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Tactical Analysis Of Vancouver Whitecaps

Tristan Blackmon Vancouver

VANCOUVER, BRITISH COLUMBIA - JULY 26: Tristan Blackmon #6 of the Vancouver Whitecaps FC celebrates after scoring a goal in penalty kicks to win the 2022 Canadian Championship Final at BC Place on July 26, 2022 in Vancouver, British Columbia. (Photo by Rich Lam/Getty Images)

By Mike Rice.

Minnesota United 1-1 Vancouver Whitecaps

The Vancouver Whitecaps are still searching for their first win of the season in MLS after a late equaliser from Simon Becher secured a third draw from five games for the Canadian side.

A move to a back four rather than the use of wingback for last season has seen the Whitecaps look to congest the centre of the field and force play wide.

This is putting a lot of pressure on their attacking midfielders to provide width in attack as well as support their fullbacks when the opposition look to switch play from one side of the pitch to the other.

The midfield three work as a tight group try to restrict the opportunity for the opposition to play through them.

This resulted in Minnesota fullbacks being a key part of their attack in this match, which was also made more dangerous by Adrian Heath opting to use both Luis Amarilla and Ménder García in a 4-4-2 formation rather than his usually preferred 4-2-3-1.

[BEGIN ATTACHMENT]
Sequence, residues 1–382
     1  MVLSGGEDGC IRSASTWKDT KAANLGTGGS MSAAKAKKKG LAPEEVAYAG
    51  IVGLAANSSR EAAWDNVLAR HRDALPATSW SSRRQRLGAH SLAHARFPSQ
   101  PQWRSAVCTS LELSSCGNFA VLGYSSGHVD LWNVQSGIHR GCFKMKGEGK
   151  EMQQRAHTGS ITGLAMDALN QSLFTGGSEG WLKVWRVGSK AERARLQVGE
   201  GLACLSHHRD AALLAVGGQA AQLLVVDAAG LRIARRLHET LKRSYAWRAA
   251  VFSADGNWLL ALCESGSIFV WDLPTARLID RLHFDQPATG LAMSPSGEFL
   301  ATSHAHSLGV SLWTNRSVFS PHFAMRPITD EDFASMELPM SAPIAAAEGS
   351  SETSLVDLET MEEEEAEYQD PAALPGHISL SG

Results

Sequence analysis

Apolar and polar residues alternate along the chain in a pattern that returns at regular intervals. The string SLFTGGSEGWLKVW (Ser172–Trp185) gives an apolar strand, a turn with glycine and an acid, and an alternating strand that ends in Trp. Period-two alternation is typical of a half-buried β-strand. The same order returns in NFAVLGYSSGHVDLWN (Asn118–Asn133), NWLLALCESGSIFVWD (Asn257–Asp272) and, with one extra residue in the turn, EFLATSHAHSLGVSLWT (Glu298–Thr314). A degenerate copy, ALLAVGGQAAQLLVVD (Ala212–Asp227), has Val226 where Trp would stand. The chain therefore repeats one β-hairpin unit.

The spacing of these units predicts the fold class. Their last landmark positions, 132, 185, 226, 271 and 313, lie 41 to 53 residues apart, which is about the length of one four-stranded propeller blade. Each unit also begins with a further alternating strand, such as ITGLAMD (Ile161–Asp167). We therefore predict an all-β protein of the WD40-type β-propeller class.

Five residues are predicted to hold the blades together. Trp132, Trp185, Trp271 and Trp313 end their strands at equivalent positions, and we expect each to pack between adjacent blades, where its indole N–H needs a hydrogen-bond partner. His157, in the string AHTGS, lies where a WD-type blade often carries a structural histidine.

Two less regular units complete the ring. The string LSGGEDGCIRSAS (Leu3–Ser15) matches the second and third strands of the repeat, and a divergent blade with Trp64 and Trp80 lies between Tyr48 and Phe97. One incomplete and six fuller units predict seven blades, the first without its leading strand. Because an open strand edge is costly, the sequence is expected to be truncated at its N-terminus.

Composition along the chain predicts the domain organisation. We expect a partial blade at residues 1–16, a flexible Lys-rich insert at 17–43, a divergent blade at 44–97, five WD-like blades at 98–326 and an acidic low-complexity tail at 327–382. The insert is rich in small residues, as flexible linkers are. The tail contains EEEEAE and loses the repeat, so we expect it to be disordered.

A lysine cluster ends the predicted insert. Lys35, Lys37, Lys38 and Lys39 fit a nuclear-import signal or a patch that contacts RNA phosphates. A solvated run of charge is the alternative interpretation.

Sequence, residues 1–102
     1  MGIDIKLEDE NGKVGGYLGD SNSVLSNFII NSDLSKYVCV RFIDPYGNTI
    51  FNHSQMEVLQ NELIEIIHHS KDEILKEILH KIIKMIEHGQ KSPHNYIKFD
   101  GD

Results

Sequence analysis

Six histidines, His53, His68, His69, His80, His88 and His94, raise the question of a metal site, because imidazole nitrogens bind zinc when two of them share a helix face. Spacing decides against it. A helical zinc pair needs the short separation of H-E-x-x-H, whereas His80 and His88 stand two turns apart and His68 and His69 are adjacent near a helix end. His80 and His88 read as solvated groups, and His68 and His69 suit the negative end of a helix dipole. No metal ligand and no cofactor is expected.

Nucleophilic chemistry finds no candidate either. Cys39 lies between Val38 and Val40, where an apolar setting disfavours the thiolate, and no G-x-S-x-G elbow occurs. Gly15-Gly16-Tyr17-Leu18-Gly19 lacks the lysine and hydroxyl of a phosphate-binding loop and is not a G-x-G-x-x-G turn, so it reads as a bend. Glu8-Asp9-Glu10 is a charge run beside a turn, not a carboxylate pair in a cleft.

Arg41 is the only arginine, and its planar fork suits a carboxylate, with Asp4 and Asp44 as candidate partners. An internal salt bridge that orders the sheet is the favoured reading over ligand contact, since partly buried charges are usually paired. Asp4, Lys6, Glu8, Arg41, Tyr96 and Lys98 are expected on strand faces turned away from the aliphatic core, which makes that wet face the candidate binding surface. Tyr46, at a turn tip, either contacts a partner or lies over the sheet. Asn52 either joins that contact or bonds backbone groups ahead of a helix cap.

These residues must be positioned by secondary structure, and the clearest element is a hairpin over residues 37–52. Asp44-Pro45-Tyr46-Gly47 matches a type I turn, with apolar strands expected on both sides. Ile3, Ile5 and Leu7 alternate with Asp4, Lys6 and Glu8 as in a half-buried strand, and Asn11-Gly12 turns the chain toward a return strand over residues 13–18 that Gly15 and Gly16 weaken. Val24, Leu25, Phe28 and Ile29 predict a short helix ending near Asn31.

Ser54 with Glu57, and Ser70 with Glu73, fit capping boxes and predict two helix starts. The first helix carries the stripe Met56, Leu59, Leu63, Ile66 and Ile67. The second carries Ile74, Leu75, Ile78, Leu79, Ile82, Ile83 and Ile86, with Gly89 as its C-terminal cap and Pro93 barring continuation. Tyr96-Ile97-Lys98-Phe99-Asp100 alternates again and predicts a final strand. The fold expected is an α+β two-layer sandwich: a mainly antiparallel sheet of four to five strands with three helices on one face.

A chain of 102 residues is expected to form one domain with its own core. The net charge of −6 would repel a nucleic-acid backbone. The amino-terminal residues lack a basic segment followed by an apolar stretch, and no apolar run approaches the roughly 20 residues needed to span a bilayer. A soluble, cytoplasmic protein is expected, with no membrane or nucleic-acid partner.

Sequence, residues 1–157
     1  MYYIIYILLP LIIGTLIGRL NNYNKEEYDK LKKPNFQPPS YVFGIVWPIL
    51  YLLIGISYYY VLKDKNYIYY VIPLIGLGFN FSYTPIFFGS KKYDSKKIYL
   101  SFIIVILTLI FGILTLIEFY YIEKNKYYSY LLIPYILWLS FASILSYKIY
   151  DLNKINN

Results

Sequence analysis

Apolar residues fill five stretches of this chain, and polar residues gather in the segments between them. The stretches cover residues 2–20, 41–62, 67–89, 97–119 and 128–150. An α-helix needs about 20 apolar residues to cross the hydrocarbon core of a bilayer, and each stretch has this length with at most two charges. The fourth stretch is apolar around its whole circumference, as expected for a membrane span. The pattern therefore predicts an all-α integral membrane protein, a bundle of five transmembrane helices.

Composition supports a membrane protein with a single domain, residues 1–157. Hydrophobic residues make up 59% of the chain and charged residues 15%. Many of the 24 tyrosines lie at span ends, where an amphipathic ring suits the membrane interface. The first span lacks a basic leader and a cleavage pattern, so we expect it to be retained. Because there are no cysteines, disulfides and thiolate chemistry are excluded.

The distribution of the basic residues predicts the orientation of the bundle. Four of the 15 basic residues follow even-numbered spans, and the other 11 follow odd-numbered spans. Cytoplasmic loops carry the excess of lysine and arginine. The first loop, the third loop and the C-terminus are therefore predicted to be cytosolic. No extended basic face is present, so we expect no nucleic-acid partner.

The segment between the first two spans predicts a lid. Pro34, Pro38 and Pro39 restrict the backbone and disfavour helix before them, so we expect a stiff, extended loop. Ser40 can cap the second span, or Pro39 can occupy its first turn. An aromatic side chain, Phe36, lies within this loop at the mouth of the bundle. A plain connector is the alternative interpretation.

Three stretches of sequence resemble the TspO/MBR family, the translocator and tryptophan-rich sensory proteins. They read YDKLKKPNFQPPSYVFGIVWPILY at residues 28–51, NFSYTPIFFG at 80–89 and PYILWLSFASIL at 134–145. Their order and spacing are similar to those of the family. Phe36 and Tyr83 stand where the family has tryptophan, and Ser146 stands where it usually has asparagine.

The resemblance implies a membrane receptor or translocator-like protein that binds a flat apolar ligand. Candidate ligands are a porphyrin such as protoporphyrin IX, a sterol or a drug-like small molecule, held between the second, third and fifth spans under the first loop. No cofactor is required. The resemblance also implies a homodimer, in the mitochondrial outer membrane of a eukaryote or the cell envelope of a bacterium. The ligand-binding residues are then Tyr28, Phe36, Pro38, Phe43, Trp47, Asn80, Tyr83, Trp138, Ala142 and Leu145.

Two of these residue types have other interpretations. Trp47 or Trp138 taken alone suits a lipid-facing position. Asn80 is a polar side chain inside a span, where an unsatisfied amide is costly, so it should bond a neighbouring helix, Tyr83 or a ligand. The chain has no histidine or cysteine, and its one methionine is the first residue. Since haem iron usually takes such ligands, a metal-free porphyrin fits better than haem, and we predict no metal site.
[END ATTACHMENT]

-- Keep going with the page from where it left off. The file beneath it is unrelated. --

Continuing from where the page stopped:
Positioning Errors for the Goal

Sartini has his players playing very centrally and compact which encourages the opposition’s full-backs higher up the field.

Minnesota played with a 4-4-2 formation which gave the full-back the chance to find space in the Vancouver half while in possession.

The goal comes from Zarek Valentin being open on the right wing while Minnesota worked the ball across the pitch.

What we can see from the following image in that the attacking midfielders, Ryan Gauld and Cristian Dájome, are responsible for dropping deep and defending the wide areas while out of possession.

The three central midfielders are working closely to try and block Minnesota playing through and finding space centrally. Dájome here is dropping but Valentin has moved up past him while identifying that left-back Ryan Raposo already has an opponent occupying his attention in the final third.

It should be noted just how big a gap has formed between the defensive and midfield lines. If they are only applying a mid-block rather than pressuring the player on the ball, Vancouver needed to bring these lines close together. As Dájome was caught up field, in this case, dropping back closer to the defensive line would have made them more defensively resolute to deal with this attack.

As the ball is worked out to Valentin on the right, Ryan Raposo is forced to leave his opponent and push out to close down the cross. This has left Tristan Blackmon needing to cover Luis Amarilla (9) who is now unmarked on the near side of the box.